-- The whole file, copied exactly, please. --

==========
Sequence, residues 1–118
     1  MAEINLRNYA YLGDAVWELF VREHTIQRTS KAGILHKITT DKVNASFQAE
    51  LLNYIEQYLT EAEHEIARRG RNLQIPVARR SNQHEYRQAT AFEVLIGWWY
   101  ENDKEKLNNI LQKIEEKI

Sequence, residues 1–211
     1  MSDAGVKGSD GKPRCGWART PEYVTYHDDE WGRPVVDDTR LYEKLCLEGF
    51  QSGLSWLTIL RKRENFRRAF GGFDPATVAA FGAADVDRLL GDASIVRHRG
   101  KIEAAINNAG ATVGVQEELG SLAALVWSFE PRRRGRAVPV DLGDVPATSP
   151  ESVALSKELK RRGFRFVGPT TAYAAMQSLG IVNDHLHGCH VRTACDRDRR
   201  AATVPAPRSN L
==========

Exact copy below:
Sequence, residues 1–118
     1  MAEINLRNYA YLGDAVWELF VREHTIQRTS KAGILHKITT DKVNASFQAE
    51  LLNYIEQYLT EAEHEIARRG RNLQIPVARR SNQHEYRQAT AFEVLIGWWY
   101  ENDKEKLNNI LQKIEEKI

Sequence, residues 1–211
     1  MSDAGVKGSD GKPRCGWART PEYVTYHDDE WGRPVVDDTR LYEKLCLEGF
    51  QSGLSWLTIL RKRENFRRAF GGFDPATVAA FGAADVDRLL GDASIVRHRG
   101  KIEAAINNAG ATVGVQEELG SLAALVWSFE PRRRGRAVPV DLGDVPATSP
   151  ESVALSKELK RRGFRFVGPT TAYAAMQSLG IVNDHLHGCH VRTACDRDRR
   201  AATVPAPRSN L